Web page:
4. There are some who apparently took some aggressive steps against the employer, not always appropriate in a legal sense

The purpose of writing this book is to make the point that everyone has a right to be treated fairly in their workplace. But if they do find themselves in an undesirable situation, it is important for them to know what steps to take to defend themselves.

May 11, 2017

Around the middle of June this year, I will get an opportunity to speak about prevention of child sexual abuse at a conference of the Minnesota School Social Workers Association (MSSWA). This will of course be based on my book titled “Father figure – my mission to prevent child sexual abuse”. I am excited about this opportunity because this will be the first time I will be speaking to a group of school social workers on this topic.

This will be at the MSSWA Summer Institute program in Cohasset, MN. As per the MSSWA website the theme will be:   Trauma Informed Practices: Topics, Interventions, & Strategies That Support Today’s Youth 

My book and presentation is all about intervention and prevention. I typically focus on the following objectives:

Participants will learn how to become more effective in intervening and preventing situations that could lead to child sexual abuse, through multidisciplinary coordination.

Participants will develop a clear understanding of the kinds of changes needed in our systems to become more effective in “preventing” a possibly abusive scenario.

Attendees will also learn how to detect situations where immediate intervention is necessary and appropriate and what the associated legal issues might be.


May 04, 2017

After my speeches at schools around the country I often receive emails from students who are dealing with similar issues, i.e., mental health impact of bullying. I always try to provide support and guidance and at times work with the school so the child receives adequate professional help. But it is clear that many children around the country are still experiencing psychological impact from bullying.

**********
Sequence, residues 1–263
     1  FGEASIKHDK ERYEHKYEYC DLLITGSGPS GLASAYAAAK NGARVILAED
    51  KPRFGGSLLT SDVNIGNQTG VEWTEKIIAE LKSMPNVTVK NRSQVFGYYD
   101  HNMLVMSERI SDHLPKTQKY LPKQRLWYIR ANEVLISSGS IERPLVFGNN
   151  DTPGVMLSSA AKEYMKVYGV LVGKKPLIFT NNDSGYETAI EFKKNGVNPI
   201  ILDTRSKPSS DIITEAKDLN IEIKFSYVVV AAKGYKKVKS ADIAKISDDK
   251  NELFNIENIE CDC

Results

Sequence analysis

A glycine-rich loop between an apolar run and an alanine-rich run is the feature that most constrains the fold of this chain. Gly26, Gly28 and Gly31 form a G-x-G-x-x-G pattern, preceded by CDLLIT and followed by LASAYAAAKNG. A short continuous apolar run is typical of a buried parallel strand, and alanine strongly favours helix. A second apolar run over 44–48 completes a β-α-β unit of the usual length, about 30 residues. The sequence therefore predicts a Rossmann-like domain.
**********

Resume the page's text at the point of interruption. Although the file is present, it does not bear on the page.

It is also very clear that there is still a lot of stigma around someone having to deal with a mental health issue. I can relate to that very well since I had kept my own mental health issue a secret for five years. Now I encourage everyone to open up and talk about any mental health issues that they might be struggling with so they can receive proper treatment.

Children often do not open up about their mental health issues simply because they are not sure that the adults around them would be supportive and helpful. When I speak at a school setting, children get the message that I would be someone who would certainly understand what they might be going through and that’s why they reach out to me.

We need to continue our work in this area to remove this stigma all around so more and more adults will become receptive and understanding when it comes to dealing with mental health issues.


© 2017 - Sumi Mukherjee